Scott Canon | KCUR

Scott Canon

Digital Editor, Kansas News Service

Scott Canon is digital editor of the Kansas News Service, a collaboration of KCUR, Kansas Public Radio, KMUW and High Plains Public Radio covering health, education and politics. He started working for KCUR in January 2018.

Canon spent most of his career as a newspaper reporter, working in Illinois and California before landing in the newsroom of The Kansas City Star. At The Star, he covered mostly regional and national stories. As an editor at the newspaper, he oversaw political coverage. He also fielded a handful of overseas assignments to both very hot and very cold places.

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Scott Canon / Kansas News Service

His last real prospects of winning the Republican nomination for the office he holds slipping away one county canvass after the next, Kansas Gov. Jeff Colyer conceded the primary race to Secretary of State Kris Kobach on Tuesday night.

Madeline Fox / Kansas News Service

(This story has been updated to reflect new developments.)

On Wednesday, the contenders in the Republican race for governor pledged to back the ultimate winner and to make sure their photo-finish primary wouldn’t stall any general election campaign push.

Come Thursday, incumbent Gov. Jeff Colyer made clear that he thought his opponent and state election overseer, Secretary of State Kris Kobach, was exactly the wrong guy to be certifying the results.

Stephen Koranda / Kansas News Service

The moment that figured to clarify the Kansas race for governor instead left it muddled.

Sure, state Sen. Laura Kelly ended up running away with the Democratic primary on Tuesday. And independent candidate Greg Orman had been waiting in the wings for months.

But the still oh-so-close Republican race between incumbent Gov. Jeff Colyer and Secretary of State Kris Kobach tangled the race in the unknown. 

Jim McLean / Kansas News Service

The Republican race for governor looks destined for a recount.

Out of more than 300,000 votes cast in the GOP race, unofficial final results showed Kansas Secretary of State Kris Kobach tallying 191 more votes than incumbent Gov. Jeff Colyer.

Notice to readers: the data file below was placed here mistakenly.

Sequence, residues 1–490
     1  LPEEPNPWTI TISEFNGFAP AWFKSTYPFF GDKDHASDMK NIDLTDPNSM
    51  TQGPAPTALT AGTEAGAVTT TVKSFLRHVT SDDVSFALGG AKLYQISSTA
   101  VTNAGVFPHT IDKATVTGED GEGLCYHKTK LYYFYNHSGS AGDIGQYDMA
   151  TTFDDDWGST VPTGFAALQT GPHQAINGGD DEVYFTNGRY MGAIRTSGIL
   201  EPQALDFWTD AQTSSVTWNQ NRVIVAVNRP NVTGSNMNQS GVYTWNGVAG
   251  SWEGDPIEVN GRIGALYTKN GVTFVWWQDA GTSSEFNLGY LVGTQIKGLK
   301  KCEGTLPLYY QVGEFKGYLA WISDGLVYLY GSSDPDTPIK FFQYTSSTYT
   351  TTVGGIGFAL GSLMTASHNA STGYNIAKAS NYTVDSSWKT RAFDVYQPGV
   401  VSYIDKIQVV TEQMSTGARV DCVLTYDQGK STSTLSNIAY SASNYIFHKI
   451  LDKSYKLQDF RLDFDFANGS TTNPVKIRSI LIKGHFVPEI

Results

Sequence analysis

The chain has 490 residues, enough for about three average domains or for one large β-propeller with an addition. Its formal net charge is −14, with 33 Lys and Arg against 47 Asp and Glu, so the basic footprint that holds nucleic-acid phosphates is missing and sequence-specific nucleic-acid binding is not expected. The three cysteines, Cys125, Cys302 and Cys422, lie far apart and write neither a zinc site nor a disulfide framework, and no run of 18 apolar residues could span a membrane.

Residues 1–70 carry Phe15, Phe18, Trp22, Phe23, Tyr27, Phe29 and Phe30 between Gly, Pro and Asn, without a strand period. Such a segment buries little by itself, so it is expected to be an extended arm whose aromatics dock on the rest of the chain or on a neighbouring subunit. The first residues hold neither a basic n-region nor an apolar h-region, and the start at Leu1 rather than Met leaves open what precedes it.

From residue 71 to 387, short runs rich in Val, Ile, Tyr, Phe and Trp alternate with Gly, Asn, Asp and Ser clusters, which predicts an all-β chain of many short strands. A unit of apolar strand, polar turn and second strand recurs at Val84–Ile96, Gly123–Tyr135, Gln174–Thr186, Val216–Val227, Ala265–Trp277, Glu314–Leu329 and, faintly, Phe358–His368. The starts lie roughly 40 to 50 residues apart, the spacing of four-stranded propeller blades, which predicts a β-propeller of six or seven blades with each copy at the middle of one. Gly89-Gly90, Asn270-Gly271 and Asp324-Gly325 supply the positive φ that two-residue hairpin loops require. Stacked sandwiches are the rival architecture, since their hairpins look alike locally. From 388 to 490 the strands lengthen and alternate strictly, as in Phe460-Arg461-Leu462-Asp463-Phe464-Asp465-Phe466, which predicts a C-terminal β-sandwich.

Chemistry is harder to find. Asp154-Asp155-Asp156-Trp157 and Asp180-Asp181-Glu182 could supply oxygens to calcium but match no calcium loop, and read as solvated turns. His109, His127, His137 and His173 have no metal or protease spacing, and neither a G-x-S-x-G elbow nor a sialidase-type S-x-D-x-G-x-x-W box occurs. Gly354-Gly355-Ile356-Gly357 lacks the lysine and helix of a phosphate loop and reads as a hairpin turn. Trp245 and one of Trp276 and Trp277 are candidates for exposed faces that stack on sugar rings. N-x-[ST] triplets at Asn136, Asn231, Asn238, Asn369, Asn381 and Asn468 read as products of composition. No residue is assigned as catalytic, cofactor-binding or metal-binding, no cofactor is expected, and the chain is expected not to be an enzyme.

The winner will face state Sen. Laura Kelly of Topeka, who locked down the Democractic nomination with a convincing win on Tuesday. They will likely be joined by independent candidate Greg Orman.

Kansas News Service

Now it starts to get real. Tuesday’s primary, and the early voting that wraps up at noon on Monday, could begin to clarify what direction Kansas politics will head after the Sam Brownback era. To the right, to the left or anchored in the middle.

Screenshot

Tooling through parades in a flag-themed Jeep with a faux machine gun mounted on the back apparently wasn’t enough for Secretary of State Kris Kobach to win over the National Rifle Association in the Kansas governor’s race

The country’s largest and most influential gun lobby on Monday instead endorsed Kansas Gov. Jeff Colyer in his Republican primary. That left Kobach claiming that he still has the backing of grassroots gun rights voters.

The NRA said its endorsement reflected Colyer’s “strong support for the Second Amendment and the hunting heritage of Kansas.”

Luke X. Martin / KCUR 89.3

A revival of rural Kansas can come from drawing businesses and housing to the centers of small cities and by building better highways, gubernatorial candidate Laura Kelly said Monday.

In a plan she says could invigorate rural areas, the Democrat also calls for propping up small grocery stores, expanding Medicaid coverage, reopening state offices closed in recent years and fixing deteriorating housing in those areas.

file photo / Kansas News Service

Kansas Gov. Jeff Colyer says President Donald Trump deserves the Nobel Peace Prize.

Joining six other Republican governors, Colyer signed a letter this week that said the president should get the honor for “his transformative efforts to bring peace to the Korean peninsula.”

The letter, dated Monday, was sent to the Norwegian Nobel Committee. The same panel gave Barack Obama the peace prize just nine months into his presidency in 2009 for what it saw as his contribution to international diplomacy.

file photo / Kansas News Service

In an election year with a state Supreme Court ruling hanging over their heads, Kansas lawmakers wrestled over school spending, taxes and guns.

They fought among themselves and often split ways from legislators they’d chosen as leaders.

In the end, they decided not to throw a tax cut to voters. It would have partly reversed tough political choices they made a year before to salvage state government’s troubled financial ledger.

file photo / KCUR

Schlitterbahn, the amusement park under indictment over the 2016 death of a lawmaker’s son on its signature waterslide, now finds itself subject to a full state audit.

A spokeswoman for the Kansas Department of Labor said Wednesday the audit is set to take place before the park’s scheduled opening for the summer season on May 25.

Ron Waddington/Flickr CC

As the nation watches a burgeoning children’s movement for gun control spring from Florida after last week’s mass killing, the odds of Kansas and Missouri rewriting their rules for firearms this year look slim.

Few parts of the country welcome guns, carried openly or tucked out of sight, as much as Kansas and Missouri.